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The Memphis Grizzlies own the second-best record in the tough Western Conference. They have the league’s top ranked defence (giving up just 95.7 ppg) and their methodical, low post-oriented offense seems ideally suited for the slow style of play often featured in the postseason.
However, the Grizzlies will not make it to the NBA Finals and, if they catch the wrong match-up, they could fall in the first round for the second year in a row.
The Grizzlies have a fatal flaw that has ended their recent postseason trips and will ultimately send them home without the championship trophy yet again in 2015.
The name of the game is basketball – literally, put the ball in the basket – and the Grizzlies are not proficient enough at this most basic skill.
The Grizzlies’ shooting outside of the paint is particularly deficient and in a seven game series a smart team is going to force Memphis’ worst shooters to take a lot of shots outside of the paint.
Under the guidance of Coach Lionel Hollins, the Grizzlies quickly improved from being a lottery team in 2010 to being a legitimate contender. Then, new team owners/executives emphasized “advanced basketball statistics,” made some personnel moves based on those numbers and also began offering unwanted advice to Hollins about how to coach the team.
The Grizzlies declined to offer Hollins a new contract in the summer of 2013, letting him go after the best regular season (56-26) and best playoff run (an appearance in the Western Conference Finals) in franchise history.
Last season, with Hollins’ replacement Dave Joerger at the helm, the Grizzlies slipped to 50-32 as starting center Marc Gasol missed 23 games. Gasol returned in time for the playoffs and many people described Memphis as a team that nobody wanted to face.
Oklahoma City did not mind facing Memphis. The Thunder double-teamed the Grizzlies’ big guys and hounded Memphis into .417 field goal shooting. Memphis’ two dominant post players – Gasol and Zach Randolph – shot .405 and .404 from the field after shooting .473 and .467 during the regular season.
Gasol and Randolph struggled to get open looks because the Thunder crowded them and dared anyone else to make a shot. In 2013-14, the Grizzlies ranked 19th out of 30 teams in three point field goal percentage (.353). That number plummeted to .290 versus the Thunder in the first round.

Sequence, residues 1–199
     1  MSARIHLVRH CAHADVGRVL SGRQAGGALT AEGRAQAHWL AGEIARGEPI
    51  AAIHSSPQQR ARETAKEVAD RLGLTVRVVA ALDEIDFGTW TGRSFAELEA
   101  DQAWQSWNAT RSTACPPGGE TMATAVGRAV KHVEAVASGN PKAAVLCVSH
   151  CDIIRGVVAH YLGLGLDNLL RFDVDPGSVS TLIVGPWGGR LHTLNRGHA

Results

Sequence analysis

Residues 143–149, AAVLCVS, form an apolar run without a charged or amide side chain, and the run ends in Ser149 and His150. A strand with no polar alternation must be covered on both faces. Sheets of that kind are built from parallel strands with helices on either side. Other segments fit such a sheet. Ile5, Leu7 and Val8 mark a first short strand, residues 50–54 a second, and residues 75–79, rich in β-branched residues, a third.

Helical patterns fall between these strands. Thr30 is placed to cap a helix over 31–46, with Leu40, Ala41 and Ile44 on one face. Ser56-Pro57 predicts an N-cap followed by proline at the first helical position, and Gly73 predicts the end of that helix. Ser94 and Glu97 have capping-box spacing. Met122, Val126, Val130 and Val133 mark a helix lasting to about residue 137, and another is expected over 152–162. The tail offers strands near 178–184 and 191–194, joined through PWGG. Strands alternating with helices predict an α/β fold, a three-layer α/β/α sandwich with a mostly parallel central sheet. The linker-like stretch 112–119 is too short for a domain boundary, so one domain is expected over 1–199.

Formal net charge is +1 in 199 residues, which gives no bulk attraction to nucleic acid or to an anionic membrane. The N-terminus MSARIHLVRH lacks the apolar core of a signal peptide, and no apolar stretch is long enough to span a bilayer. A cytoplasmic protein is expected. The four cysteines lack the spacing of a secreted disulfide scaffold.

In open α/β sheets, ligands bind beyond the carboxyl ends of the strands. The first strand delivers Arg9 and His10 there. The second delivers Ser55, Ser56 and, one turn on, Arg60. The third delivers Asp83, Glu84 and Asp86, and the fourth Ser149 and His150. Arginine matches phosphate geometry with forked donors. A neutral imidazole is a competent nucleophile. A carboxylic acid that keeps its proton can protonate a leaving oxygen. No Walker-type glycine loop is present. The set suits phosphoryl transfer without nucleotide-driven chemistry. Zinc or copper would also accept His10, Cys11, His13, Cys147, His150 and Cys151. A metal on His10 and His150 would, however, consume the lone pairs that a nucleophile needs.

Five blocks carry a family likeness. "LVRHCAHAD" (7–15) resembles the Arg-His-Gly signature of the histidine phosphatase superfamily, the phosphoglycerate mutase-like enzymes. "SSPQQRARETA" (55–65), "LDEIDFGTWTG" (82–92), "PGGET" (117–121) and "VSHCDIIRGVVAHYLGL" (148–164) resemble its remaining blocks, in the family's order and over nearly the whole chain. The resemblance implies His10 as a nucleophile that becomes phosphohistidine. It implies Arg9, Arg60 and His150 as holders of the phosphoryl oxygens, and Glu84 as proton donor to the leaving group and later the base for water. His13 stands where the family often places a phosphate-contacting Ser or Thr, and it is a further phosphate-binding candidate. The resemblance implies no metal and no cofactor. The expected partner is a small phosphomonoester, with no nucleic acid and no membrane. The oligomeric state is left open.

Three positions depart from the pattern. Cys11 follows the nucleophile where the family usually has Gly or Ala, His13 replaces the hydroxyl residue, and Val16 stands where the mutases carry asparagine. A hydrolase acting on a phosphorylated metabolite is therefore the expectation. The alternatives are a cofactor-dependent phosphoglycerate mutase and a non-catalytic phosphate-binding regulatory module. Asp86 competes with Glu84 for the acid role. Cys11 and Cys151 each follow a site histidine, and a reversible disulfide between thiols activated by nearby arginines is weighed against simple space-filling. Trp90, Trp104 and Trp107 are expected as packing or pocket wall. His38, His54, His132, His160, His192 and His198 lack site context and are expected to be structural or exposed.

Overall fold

The Thunder held the Grizzlies below 90 points in three games while eliminating Memphis. In a game four loss at home, the Grizzlies failed to score 90 points even after a five minute overtime period!
Nothing has changed this season. The Grizzlies rank 25th in three point field goal percentage (.333).
Why does this not hurt the Grizzlies in the regular season? It does hurt but the pain can be masked because of the differences between regular season play and postseason play.
Not only does the competition become tougher in the postseason but the regular season features long road trips, teams play four games in five nights, players battle fatigue and a particular opponent may be hot or cold on a given night.
In the postseason, there are no long, extended road trips and no back-to-back games, so teams lock in on each other’s weaknesses and attack them mercilessly until the weaker team folds.
When Randolph fights for position in the paint in the postseason, he will have a big guy behind him and a smaller guy “digging” for the ball. Randolph will either shoot under duress or else pass the ball back to a teammate who did not shoot well from the outside during the regular season and who is not likely to become a pinpoint marksman in the crucible of playoff pressure with the shot clock running down.
The Grizzlies have their formula. They fired a good coach to stick with that formula and they are not likely to change their ways. The numbers may convince them that they are on a championship path but the eye test – and even some rather basic but essential numbers regarding shooting – reveal the Grizzlies’ fatal flaw.